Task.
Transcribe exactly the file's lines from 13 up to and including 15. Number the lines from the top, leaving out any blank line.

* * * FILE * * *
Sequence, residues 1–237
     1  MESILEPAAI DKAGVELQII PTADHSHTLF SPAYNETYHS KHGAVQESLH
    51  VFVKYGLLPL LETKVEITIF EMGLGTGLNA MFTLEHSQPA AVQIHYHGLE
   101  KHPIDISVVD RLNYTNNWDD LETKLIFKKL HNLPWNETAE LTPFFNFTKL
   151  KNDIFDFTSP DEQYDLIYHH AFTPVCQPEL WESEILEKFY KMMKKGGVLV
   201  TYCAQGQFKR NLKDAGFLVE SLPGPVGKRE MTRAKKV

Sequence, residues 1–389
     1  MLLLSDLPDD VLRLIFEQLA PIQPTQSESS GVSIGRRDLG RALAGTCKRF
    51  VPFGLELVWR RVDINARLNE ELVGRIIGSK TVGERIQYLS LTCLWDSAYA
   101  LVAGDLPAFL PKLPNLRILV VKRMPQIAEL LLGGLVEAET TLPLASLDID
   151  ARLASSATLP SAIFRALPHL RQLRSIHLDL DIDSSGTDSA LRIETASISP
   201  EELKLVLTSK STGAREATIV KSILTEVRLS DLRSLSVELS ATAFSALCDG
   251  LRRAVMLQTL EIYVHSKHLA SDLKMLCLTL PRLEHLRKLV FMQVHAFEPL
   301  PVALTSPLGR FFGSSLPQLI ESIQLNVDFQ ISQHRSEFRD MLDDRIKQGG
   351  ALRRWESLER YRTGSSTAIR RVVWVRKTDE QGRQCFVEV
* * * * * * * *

   251  LRRAVMLQTL EIYVHSKHLA SDLKMLCLTL PRLEHLRKLV FMQVHAFEPL
   301  PVALTSPLGR FFGSSLPQLI ESIQLNVDFQ ISQHRSEFRD MLDDRIKQGG
   351  ALRRWESLER YRTGSSTAIR RVVWVRKTDE QGRQCFVEV